Rethinking My Beliefs about God Apart From Traditional Christianity

Sola Scriptura?

In Reformation Era, The Bible on November 14, 2010 at 7:22 pm

From what I understand, sola scriptura was necessary for a time and culture in church history in which church tradition and human authority, such as the papacy, were equal authorities along with the Bible. The reformers sought to do away with those other mediators, although they only ended up enforcing church tradition and replacing the pope or bishop with the pastor.

Even Martin Luther exalted the teaching pastor as “one who speaks as God” so that he did not truly promote sola scriptura, but basically succeeded in wrapping the entire church institution in a new package – separate but the same.

Most people who believe in sola scriptura today also believe in the authority of church tradition and church pastors. To remove one of these from their pedestal is essentially to remove all of them. By saying that the Bible is our ultimate authority, we are actually saying that the specific interpretation taught by a specific church denomination is also our authority. If the Bible is our authority, then which translation and interpretation are we implying? Churches cannot even agree upon what should be included in the canon of scripture. And translations rely heavily upon interpretation just to publish a Bible.

Do any of us even take this “authority” very seriously? Do we stop and think about just who we rely upon to understand the truth? Who/what is our authority and who/what should be our authority? Is it church tradition, a few teachers within that church division and a “traditional” interpretation? (I think we would be surprised how much traditional interpretations disagree and contradict each other, while still holding to some of the same fundamental church traditions. Baptism is a good example.)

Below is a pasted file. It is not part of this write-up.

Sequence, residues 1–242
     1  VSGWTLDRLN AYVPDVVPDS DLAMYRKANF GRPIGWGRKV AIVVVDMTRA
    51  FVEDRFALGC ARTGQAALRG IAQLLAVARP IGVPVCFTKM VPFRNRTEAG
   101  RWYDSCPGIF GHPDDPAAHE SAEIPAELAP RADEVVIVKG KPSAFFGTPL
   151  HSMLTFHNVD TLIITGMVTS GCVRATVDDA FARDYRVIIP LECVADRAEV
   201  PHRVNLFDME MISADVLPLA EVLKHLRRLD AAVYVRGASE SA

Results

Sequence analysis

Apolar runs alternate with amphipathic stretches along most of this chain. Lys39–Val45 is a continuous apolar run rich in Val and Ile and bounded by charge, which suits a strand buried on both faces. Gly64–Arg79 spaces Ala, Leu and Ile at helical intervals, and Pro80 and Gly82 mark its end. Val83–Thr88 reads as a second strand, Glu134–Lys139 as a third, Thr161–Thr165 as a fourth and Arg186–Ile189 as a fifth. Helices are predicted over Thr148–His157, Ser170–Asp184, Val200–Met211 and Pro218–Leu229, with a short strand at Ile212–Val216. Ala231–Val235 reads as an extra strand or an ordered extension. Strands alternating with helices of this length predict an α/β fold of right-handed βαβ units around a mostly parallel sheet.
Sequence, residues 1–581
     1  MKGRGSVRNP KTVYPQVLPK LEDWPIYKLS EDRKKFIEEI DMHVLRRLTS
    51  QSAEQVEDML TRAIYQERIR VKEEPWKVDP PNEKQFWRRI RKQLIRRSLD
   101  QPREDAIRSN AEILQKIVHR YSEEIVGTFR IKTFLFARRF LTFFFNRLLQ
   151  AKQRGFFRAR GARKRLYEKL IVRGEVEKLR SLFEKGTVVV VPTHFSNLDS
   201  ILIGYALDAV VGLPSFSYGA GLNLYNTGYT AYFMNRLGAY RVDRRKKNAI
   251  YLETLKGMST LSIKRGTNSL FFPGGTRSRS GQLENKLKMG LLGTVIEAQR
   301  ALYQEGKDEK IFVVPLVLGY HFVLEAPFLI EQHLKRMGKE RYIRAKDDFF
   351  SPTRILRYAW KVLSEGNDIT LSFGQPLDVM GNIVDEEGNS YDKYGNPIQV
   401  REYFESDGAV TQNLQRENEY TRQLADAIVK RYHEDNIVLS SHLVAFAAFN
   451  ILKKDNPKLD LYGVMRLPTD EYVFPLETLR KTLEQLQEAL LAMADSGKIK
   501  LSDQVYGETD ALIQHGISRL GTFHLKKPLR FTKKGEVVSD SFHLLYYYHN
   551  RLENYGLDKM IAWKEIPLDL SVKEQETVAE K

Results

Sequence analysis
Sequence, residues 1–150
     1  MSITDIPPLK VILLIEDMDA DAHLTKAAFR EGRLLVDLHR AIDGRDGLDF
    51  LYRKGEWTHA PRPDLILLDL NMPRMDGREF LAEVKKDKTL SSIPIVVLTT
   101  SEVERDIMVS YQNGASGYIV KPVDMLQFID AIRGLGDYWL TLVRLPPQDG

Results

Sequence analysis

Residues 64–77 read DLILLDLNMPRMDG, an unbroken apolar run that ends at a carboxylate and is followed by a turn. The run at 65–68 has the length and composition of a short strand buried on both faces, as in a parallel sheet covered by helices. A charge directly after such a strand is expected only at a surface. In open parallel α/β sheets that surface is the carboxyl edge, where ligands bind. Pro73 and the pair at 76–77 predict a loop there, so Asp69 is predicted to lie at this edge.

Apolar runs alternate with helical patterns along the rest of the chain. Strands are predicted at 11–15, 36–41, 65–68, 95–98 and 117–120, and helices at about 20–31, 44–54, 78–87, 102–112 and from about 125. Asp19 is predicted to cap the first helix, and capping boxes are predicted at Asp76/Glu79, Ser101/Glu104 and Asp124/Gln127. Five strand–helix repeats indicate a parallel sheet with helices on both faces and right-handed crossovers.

Let’s say that the Bible really does contain all we need to know about the truth, as far as intellectual knowledge is concerned, that is. sola scriptura claims that all other authorities are subordinate to the Bible. Okay, for the sake of argument, let’s say this is also true. What does the Bible actually say about the authority or in other words, the source of truth?

It says that the *Spirit* will lead us into all truth. These words, more or less, came from the mouth of the Christ so that those who believe that Christ is our authority should even be satisfied with this answer.

I do not believe that Christ was the original source of truth, but the messenger of truth, the grand vessel of the Spirit of God. Who or what was his source or authority of truth? The Spirit of God. The Spirit of wisdom and revelation, or the Spirit of the word of God. The Bible is not the word of God, but another messenger. We have many messengers of God’s truth. Can God’s word or God’s truth be confined to a single vessel? I think that is as absurd as saying you can only find air in a jar.

The truth comes from the Spirit. The Spirit dwells within us. So we were created to know truth from within us. We can trust our God-created heart and minds to know the truth when we hear it and know a lie when we hear it. Sure, we will need to experience this life in order to grow in it, but to say that the source of life comes from mere ink and pages or from a single great man, even the greatest Man, is to confine the Spirit within that Man to only Him.

This greatest of all men gave us this same Spirit, so that we can each discern the truth within us. This is not an authority that rules over us in which we are slaves or subjects to it, but one that sets us free. In this sense, I will gladly subject myself to this authority above all other authorities, and will subject all of these other supposed authorities, such as the Bible, to this one – the Holy Spirit, which is God Himself, and who, amazingly, dwells in me

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